Brief Fact Summary. The Petitioner, the Arkansas Educational Television Communication (Petitioner), denied the Respondent, Ralph Forbes (Respondent) an independent candidate running for Arkansas’ Third Congressional District, the opportunity to participate in a televised debate with the other candidates for the Third Congressional District. The Petitioner denied the Respondent this opportunity based on its bona vide journalistic judgment that the viewers would be best served by limiting the debate to the candidates already invited.
Synopsis of Rule of Law. The exclusion of a speaker from a nonpublic forum must be reasonable and viewpoint neutral.
Issue. Whether a state-owned public television station had a constitutional obligation to allow every candidate access to a televised debate?
Held. The television station’s decision to exclude a candidate was a reasonable, viewpoint-neutral exercise of journalistic discretion consistent with the First Amendment of the Constitution.
In most cases, the First Amendment of the Constitution by its own force does not compel public broadcasters to allow third parties access to their programming.
Although public broadcasting as a general matter does not lend itself to scrutiny under the forum doctrine, candidate debates present the narrow exception to the rule
The debate was a non public forum, as the debate was not generally available to candidates. Rather, the Petitioner reserved eligibility for participation in the debate to candidates for the Third Congressional District seat, thus, making a candidate by candidate determination as to which of the eligible candidates would participate in the debate.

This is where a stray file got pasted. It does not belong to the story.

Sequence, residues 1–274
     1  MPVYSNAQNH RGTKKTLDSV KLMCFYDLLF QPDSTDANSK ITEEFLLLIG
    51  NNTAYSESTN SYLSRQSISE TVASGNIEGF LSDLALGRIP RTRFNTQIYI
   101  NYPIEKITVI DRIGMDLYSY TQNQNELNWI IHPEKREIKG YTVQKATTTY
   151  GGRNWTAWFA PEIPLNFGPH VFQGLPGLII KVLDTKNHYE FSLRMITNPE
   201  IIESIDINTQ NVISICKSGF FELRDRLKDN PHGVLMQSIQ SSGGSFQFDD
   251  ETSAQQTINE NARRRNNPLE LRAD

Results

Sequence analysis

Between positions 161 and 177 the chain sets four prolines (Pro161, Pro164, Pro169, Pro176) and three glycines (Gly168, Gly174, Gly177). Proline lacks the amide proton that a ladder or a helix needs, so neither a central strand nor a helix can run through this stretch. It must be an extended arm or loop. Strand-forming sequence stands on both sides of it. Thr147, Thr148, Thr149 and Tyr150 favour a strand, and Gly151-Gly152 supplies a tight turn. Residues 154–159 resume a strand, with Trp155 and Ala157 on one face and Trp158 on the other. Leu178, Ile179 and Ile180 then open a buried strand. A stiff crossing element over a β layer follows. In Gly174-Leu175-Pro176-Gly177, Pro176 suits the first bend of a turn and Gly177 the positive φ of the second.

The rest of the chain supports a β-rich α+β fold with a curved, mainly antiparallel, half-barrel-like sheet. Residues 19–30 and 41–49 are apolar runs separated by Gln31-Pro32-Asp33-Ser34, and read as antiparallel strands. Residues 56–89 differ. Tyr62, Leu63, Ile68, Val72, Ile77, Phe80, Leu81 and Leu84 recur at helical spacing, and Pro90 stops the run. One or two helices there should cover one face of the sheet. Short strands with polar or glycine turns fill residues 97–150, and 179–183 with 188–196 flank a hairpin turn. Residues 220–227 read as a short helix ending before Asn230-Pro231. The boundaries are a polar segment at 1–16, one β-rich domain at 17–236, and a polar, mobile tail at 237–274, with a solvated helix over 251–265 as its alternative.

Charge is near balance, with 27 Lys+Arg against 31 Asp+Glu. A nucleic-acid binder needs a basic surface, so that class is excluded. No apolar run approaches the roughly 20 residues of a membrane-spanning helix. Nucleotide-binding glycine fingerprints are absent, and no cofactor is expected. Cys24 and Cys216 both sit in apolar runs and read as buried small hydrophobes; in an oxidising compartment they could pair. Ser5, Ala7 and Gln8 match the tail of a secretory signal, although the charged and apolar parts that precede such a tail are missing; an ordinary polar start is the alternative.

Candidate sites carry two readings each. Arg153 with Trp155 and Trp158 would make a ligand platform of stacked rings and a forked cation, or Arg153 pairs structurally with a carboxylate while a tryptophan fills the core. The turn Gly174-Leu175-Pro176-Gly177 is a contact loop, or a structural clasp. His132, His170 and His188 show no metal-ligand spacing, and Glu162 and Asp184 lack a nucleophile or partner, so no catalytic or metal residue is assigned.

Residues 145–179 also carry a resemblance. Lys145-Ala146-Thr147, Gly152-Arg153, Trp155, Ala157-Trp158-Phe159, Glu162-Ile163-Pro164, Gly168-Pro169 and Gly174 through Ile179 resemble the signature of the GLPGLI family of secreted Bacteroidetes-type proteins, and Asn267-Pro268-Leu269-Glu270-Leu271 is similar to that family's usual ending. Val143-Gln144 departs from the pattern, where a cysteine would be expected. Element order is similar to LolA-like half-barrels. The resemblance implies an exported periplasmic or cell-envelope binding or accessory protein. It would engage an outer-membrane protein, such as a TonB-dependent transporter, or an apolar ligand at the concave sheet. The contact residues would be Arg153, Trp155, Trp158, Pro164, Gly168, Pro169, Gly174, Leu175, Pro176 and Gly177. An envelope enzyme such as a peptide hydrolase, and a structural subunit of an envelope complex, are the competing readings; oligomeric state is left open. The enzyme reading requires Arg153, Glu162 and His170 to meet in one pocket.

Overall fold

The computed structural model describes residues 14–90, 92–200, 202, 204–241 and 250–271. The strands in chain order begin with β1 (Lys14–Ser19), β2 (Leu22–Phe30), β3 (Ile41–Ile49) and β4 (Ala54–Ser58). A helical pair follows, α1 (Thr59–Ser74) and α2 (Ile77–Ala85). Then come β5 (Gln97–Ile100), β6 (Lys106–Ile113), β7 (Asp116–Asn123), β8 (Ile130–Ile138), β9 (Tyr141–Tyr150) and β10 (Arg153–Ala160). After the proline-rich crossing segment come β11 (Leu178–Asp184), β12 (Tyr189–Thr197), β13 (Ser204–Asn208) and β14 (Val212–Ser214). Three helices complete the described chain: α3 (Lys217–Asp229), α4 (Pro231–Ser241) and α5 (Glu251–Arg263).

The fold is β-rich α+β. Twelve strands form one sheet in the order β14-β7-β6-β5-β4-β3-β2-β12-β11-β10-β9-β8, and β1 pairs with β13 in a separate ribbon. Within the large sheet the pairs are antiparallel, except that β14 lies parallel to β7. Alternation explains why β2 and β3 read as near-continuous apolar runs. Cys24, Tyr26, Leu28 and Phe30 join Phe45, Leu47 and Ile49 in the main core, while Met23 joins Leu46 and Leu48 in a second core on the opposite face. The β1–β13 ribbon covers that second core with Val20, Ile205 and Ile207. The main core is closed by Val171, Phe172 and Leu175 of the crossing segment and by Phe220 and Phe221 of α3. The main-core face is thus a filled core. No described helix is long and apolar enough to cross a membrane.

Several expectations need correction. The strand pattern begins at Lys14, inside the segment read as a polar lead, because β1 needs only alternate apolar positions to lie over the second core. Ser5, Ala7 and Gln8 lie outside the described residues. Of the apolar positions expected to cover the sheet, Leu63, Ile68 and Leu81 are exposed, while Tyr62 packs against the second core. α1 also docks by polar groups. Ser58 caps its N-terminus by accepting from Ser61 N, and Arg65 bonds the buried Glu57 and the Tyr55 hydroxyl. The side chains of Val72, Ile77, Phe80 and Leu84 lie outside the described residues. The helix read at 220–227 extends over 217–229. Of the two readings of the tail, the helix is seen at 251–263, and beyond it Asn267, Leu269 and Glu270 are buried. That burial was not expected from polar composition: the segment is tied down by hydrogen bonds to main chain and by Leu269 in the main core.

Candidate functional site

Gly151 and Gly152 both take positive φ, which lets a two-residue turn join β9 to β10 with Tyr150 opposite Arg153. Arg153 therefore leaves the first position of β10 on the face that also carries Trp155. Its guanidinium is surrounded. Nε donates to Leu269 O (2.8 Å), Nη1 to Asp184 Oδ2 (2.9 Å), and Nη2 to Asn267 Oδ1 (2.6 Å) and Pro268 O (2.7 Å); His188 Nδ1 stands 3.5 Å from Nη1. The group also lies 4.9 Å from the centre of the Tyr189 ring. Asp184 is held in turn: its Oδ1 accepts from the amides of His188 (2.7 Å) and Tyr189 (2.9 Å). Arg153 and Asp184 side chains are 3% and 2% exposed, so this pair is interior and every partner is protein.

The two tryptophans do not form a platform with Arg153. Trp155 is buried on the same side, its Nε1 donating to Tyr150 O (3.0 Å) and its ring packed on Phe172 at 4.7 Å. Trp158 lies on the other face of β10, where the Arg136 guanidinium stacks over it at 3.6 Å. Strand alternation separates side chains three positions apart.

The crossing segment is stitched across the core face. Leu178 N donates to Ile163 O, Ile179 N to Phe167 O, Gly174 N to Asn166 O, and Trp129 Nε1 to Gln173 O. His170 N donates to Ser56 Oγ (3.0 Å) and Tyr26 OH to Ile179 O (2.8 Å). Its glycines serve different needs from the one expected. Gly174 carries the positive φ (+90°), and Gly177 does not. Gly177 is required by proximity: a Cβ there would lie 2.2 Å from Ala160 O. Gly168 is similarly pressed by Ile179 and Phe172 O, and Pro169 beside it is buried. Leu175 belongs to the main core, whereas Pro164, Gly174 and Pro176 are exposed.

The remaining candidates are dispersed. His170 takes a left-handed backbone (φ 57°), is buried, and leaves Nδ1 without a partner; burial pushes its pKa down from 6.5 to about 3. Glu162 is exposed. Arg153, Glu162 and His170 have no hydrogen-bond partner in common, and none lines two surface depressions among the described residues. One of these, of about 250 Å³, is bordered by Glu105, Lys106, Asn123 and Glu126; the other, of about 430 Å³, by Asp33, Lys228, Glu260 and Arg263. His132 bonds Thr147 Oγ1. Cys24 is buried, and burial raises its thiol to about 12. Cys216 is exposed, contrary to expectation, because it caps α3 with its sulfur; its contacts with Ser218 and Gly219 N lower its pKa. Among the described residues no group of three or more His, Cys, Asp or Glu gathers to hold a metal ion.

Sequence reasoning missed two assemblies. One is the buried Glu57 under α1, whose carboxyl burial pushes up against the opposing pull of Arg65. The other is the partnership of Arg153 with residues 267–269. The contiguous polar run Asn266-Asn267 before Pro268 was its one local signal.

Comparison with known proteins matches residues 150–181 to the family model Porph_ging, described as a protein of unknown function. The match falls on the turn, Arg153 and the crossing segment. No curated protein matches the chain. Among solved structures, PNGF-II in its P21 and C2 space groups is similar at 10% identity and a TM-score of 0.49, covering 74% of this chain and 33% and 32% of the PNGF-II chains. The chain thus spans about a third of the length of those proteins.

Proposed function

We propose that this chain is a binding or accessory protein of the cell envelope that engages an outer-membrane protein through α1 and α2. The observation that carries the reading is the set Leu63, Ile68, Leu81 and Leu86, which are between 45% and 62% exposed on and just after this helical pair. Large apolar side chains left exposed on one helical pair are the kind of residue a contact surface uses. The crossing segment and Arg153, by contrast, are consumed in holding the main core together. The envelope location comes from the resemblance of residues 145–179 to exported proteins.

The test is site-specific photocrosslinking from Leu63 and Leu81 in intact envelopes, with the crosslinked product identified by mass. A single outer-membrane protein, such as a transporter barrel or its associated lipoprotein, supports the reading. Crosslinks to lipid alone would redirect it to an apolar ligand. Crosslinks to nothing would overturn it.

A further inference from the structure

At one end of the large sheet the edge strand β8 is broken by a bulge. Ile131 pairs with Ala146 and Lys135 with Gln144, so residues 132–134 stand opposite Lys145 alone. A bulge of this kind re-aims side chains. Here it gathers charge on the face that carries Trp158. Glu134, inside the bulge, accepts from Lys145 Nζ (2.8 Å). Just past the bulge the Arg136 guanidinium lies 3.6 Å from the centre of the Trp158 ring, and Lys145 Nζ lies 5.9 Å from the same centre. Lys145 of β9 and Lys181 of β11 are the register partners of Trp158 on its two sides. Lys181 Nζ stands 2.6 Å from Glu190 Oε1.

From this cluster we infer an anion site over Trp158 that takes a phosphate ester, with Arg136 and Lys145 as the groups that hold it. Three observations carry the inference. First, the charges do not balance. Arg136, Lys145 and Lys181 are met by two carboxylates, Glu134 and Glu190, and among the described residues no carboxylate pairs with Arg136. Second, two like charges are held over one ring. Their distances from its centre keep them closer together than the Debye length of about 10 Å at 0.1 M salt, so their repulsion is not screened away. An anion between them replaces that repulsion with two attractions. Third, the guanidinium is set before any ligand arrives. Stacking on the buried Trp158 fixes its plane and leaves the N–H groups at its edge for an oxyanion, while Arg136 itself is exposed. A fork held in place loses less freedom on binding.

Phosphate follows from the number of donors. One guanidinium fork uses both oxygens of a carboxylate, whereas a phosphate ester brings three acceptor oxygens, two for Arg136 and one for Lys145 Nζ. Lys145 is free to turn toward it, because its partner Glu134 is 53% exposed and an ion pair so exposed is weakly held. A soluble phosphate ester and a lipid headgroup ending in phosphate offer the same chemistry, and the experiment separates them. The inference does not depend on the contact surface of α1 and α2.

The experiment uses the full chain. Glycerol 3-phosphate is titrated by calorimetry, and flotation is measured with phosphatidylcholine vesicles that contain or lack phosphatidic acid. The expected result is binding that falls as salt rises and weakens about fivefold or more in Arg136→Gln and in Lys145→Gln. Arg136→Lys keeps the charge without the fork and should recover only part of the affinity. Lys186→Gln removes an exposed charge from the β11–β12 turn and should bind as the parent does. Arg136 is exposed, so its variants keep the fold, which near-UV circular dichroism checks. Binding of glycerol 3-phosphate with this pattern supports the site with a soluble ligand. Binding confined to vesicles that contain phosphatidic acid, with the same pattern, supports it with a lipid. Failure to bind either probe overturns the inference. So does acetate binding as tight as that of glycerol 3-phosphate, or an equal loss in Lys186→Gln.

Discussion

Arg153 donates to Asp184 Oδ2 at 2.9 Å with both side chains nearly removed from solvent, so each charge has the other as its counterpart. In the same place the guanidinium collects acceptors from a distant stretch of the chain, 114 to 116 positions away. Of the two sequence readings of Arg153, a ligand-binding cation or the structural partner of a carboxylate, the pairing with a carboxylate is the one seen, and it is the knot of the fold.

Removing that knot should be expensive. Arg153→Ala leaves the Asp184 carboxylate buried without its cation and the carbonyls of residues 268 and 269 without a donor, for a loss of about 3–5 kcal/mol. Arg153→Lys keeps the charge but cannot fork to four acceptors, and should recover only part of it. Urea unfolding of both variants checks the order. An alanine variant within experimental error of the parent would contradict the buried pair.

The exclusion of a speaker from a nonpublic forum must not be based on the speaker’s viewpoint and must otherwise be reasonable in light of the purpose.
Dissent. The issue in this case should be whether Petitioner defined the contours of the debate forum with sufficient specificity to justify the exclusion of a ballot-qualified candidate and not whether the Petitioner created a designated public forum or nonpublic forum.
Discussion. The breadth of the power of the government to regulate conduct associated with speech and assembly depends whether the forum involved is a public forum, a designated public forum or a nonpublic forum. Public forums are public places that have been historically been open to speech-related activities, such as the street, sidewalk or public parks. Designated public forums which have not historically been open to speech related activities, but are places which the government has opened to such activities on a limited basis, such as school rooms that are used after school for civic groups. The government can regulate speech in public forums and designated public forums with reasonable time, place and manner regulations that are content neutral; are narrowly tailored to serve a important government interest and alternative channels of communication open. Nonpublic forums are places that have not been historically linked with speech related activities and places which the govern
ment has not held open for speech activities, such as military bases and government workplaces. Regulations of speech activities in nonpublic forums are valid if they are viewpoint neutral and reasonably related to a legitimate government interest.